United Airlines is facing scrutiny after six of its employees filed a lawsuit against the airline company claiming its “draconian” COVID-19 vaccine policy is discriminatory towards its workers.
The class action lawsuit was filed before a Texas federal court on Tuesday, citing United’s move to cut off payments to those who are religiously or medically exempt from the vaccine. Should the suit be successful it could lead to more vaccine mandate cases.
United Airlines’ mandate
According to CEO Scott Kirby, United’s 67,000 employees have to be vaccinated by Sept. 27 and provide a copy of their vaccination card to United’s database, or they will be fired. The company is claiming that 97 percent of its staff have been vaccinated.
No other airline has issued a mandate like this. Plans have been made by the airline to enforce strict rules that will not allow unvaccinated employees to take a Covid-19 test to prove they are not infected. United Airlines is the first airline to make vaccines mandatory for staff.
The lawsuit, presented in the U.S. District Court for the Northern District of Texas, filed by law firm Schaerr Jaffe, represents 2,000 United Airlines employees who are claiming religious or medical exemptions.
The claimants include pilots, flight attendants and operation staff, who had their requests for exemption denied and were put on “indefinite unpaid leave” by the company.
Essentially, they were fired without being labelled as “unemployed.”
Kirby said that United Airlines only denied a few requests, adding that some quit over the policy, with more expected to do so as the deadline nears.
The plaintiffs’ case
The plaintiffs reported that employees applied for exemptions, but were only given the option to apply for one type.
They said that United allegedly gave employees until Aug. 31 to request an exemption and that requests were denied after the date had come. Moreover, the deadline was only for religious exemptions, with no clear deadline for medical exemptions.
The employees also reported that Kirby “threatened” employees to be cautious about “requesting such accommodations,” stating that there would be very few successful requests and questioned whether some people were “really religious.”
According to the complaint, questions were asked that were “geared to probe and manipulate the beliefs of religious accommodation seekers.”
One Catholic plaintiff, Kimberly Hamilton, applied for a religious exemption that was approved, but she was then placed on unpaid leave, denying her the financial backing that she was relying on to support her husband, who is undergoing cancer treatment, and to cover her insurance costs.
Seth Turnbough, a pilot for United Airlines who suffers from relapsing/remitting multiple sclerosis (MS), said his neurologist advised against taking the vaccine for fear that it would trigger a “cytokine storm”, which would affect the immune system and damage the inner body. Though his exemption was accepted, he was also placed on unpaid leave, losing his health benefits in the process.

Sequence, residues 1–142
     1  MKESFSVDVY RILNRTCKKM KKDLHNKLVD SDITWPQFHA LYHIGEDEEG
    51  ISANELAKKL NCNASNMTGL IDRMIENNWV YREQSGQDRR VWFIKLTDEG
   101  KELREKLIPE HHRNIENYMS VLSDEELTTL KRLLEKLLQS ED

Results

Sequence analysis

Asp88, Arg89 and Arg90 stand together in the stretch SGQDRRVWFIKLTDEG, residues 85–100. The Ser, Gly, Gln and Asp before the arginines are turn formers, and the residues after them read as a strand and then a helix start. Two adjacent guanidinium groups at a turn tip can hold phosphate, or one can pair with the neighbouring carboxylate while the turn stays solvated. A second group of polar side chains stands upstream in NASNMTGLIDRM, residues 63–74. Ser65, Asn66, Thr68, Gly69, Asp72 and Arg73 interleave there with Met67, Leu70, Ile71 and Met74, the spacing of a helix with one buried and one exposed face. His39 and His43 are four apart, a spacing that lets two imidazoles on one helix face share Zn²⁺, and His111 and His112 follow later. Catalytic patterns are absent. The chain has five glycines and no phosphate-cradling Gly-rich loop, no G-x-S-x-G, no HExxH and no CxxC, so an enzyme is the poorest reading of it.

David Castillo, with 22 years of experience as an aircraft technician, applied for a religious exemption after the Aug. 31 deadline, but was quickly rejected as the request was “untimely.”
His medical exemption is still pending, but Castillo fears he will be unable to cover his housing and transport costs, as well as medical expenses to treat diabetes, should he be placed on unpaid leave
“Unable to renew his lease without employment, he will become homeless on October 1, 2021,” the complaint states.
Mark Paoletta, partner at Schaerr Jaffe, stated, “United has refused to grant any accommodations and these employees are scared by United’s draconian mandate that forces them to either get the vaccine or lose their job. That’s unacceptable in America.”
Paoletta also stressed that the Civil Rights Act of 1964 should be honored by employers to “respect and accommodate” the beliefs of those who applied for exemption, and was outraged that United had failed to comply with its employees’ requests.
According to a United Airlines spokesperson, the company believes that the complaint is “without merit” due to the “small” number of employees affected by the mandate. He said the company needs to “protect the health and safety” of its staff, and claimed that the majority of United’s employees support the policy adding that United would review the complaint in “greater detail.”
Even with 97 percent of its staff vaccinated, there are still thousands of employees potentially seeking an exemption.
Schaerr Jaffe has requested that the court places a temporary restraining order (TRO) on the company’s mandate, allowing employees to work and receive compensation and to keep the “status quo.”
To show its support for the lawsuit, a local organization of U.S. airline employees “working to defend members’ religious liberties and medical freedoms” stated, “Based on the facts alleged in the complaint, we are confident that the judge and the public will side with the thousands of United employees who are bravely standing up for the religious and medical rights of all Americans.”